The Legislature of Maine placed a large sum at the disposal of the governor for the defense of the State's rights, and a bill was passed by Congress providing funds for the use of an army.

Massachusetts, being an interested party in the location of this boundary, appointed a committee to investigate the matter; its report was published March 20, 1838, as Senate Document 67.24 Gallatin (1840) presents an excellent discussion of this dispute from the point of view of the United States; his book presents a smallscale copy of "Map A." White (1914a) treats of this boundary from the British viewpoint.25

WEBSTER-ASHBURTON TREATY WITH

GREAT BRITAIN, 1842 In 1842, however, Great Britain gave proof, by the special mission of Lord Ashburton to the United States, of her desire for the preservation of peace and an amicable arrangement of the matter at issue. The subject of this mission was the settlement of not only the northeastern boundary but also the northern boundary west of the Rocky Mountains. Regarding the latter boundary, Lord Ashburton's instructions gave as the ultimatum of the British Government the boundary as above claimed (p. 22), and his mission had no result as far as this particular boundary was concerned. An agreement was reached, however, in regard to the northeastern boundary, which, the consent of the State of Maine having been obtained, was embodied in the treaty concluded August 9, 1842. The following is the text of the part of this treaty relating to the boundary (Malloy, 1910, v. 1, p. 651):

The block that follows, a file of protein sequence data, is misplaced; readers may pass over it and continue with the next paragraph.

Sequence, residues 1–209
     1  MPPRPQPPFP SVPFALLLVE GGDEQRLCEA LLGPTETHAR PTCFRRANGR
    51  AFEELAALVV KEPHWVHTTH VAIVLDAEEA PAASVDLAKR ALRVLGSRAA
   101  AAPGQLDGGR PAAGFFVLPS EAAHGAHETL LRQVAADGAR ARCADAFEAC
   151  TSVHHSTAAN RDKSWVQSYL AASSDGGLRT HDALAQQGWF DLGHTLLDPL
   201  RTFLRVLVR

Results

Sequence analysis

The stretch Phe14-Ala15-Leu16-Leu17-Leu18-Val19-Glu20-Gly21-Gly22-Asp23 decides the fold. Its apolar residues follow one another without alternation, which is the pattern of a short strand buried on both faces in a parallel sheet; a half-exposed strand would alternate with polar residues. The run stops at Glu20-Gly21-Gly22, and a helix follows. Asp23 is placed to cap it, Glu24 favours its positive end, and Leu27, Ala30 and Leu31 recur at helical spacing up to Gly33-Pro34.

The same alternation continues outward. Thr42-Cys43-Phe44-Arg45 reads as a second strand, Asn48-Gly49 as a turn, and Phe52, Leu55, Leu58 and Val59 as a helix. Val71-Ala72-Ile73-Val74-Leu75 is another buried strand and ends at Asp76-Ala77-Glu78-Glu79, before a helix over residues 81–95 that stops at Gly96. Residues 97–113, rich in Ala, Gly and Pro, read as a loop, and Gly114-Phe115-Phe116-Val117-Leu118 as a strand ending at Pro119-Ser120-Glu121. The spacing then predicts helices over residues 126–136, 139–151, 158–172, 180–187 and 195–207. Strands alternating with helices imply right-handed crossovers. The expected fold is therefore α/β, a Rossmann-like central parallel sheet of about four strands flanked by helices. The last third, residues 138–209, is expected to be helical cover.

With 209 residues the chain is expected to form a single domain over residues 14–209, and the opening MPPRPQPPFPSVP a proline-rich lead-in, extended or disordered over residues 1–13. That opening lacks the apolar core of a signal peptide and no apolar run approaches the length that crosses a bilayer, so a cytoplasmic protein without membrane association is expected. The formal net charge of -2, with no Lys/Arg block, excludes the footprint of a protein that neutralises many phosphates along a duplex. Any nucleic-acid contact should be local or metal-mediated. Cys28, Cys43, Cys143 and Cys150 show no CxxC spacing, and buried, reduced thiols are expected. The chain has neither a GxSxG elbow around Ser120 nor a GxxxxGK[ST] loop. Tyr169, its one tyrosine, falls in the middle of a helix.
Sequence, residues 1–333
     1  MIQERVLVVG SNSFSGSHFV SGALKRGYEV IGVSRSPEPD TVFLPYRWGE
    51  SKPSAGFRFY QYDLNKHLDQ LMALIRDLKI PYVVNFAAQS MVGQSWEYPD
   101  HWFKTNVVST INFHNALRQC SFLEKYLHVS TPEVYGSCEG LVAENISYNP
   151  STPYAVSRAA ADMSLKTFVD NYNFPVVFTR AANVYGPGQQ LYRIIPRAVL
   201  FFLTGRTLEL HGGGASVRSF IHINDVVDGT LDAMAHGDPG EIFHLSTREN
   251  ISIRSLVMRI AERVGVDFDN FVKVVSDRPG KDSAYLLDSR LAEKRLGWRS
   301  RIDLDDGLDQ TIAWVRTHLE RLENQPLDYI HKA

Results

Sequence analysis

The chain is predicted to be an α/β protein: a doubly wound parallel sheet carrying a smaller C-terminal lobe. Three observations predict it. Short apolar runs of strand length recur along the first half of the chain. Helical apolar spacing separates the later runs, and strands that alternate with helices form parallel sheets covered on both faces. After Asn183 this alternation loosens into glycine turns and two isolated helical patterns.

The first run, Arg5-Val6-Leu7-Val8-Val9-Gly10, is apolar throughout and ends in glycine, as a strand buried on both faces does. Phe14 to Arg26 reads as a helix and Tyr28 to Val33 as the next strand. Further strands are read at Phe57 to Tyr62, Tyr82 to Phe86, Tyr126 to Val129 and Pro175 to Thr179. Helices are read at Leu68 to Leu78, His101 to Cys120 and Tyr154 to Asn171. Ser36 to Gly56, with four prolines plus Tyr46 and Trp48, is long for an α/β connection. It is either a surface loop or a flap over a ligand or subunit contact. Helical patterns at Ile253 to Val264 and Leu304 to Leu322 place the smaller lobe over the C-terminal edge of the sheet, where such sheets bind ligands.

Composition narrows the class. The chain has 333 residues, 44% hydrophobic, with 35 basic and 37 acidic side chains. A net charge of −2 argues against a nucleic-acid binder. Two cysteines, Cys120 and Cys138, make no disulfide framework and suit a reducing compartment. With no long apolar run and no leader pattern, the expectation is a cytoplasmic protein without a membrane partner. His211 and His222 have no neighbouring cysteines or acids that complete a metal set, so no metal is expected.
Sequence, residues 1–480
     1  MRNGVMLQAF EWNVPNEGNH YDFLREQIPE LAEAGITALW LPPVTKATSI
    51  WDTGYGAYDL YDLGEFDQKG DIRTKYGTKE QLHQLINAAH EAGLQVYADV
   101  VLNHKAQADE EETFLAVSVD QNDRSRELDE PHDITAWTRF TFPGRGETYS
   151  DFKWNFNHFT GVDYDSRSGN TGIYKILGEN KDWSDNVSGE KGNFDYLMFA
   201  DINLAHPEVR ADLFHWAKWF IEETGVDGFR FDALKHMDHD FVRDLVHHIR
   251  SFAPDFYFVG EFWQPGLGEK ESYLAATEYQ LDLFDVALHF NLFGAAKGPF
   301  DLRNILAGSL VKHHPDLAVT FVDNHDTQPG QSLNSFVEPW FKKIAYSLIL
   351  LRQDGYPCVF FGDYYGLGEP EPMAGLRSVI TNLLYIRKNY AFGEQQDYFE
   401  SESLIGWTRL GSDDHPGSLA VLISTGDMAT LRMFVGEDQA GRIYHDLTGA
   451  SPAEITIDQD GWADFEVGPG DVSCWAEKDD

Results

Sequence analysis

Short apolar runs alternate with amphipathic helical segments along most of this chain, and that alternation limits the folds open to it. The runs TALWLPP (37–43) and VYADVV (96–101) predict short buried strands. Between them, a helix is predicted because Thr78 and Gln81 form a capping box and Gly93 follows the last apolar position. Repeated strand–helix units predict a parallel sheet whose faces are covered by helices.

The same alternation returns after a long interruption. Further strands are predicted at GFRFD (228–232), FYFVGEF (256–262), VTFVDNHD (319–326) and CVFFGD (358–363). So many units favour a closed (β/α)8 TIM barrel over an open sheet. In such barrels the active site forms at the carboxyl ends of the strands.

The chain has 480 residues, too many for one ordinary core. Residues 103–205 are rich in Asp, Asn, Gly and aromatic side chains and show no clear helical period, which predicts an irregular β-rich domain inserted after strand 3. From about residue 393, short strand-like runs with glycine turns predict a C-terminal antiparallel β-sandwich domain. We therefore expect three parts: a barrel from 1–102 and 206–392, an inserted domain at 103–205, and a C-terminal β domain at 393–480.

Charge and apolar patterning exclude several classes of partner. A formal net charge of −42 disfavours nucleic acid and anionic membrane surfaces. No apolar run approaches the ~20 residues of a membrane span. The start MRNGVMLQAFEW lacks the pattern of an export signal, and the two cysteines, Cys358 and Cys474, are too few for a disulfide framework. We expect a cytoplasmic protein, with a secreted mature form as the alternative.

ARTICLE I. It is hereby agreed and declared that the line of boundary shall be as follows: Beginning at the monument at the source of the river St. Croix as designated and agreed to by the Commissioners under the fifth article of the treaty of 1794, between the Governments of the United States and Great Britain; thence north, following the exploring line run and marked by the surveyors of the two Governments in the years 1817 and 1818, under the fifth article of the treaty of Ghent, to its intersection with the river St. John, and to the middle of the channel thereof; thence, up the middle of the main channel of the said river St. John, to the mouth of the river St. Francis; thence up the middle of the channel of the said river St. Francis, and of the lakes through which it flows, to the outlet of the Lake Pohenagamook; thence, southwesterly, in a straight line to a point on the northwest branch of the river St. John, which point shall be ten miles distant from the main branch of the St.

John, in a straight line, and in the nearest direction; but if the said point shall be found to be less than seven miles from the nearest point of the summit or crest of the highlands that divide those rivers which empty themselves into the river Saint Lawrence from those which fall into the river Saint John, then the said point shall be made to recede down the said northwest branch of the river St. John, to a point seven miles in a straight line from the said summit or crest; thence, in a straight line, in a course about south, eight degrees west, to the point where the parallel of latitude 46°25' north interests the southwest branch of the St. John's; thence, southerly, by the said branch, to the source thereof in the highlands at the Metjarmette portage; thence, down along the said highlands which divide the waters which empty themselves into the river Saint Lawrence from those which fall into the Atlantic Ocean, to the head of Hall's Stream; thence down the middle of said stream, till the line thus run intersects the old line of boundary surveyed and marked by Valentine and Collins, previously to the year 1774, as the 45th degree of north latitude, and which has been known and understood to be the line of actual division between the States of New York and Vermont on one side and the British province of Canada on the other; and from said point of intersection, west, along the said dividing line, as heretofore known and understood, to the Iroquois or St. Lawrence River.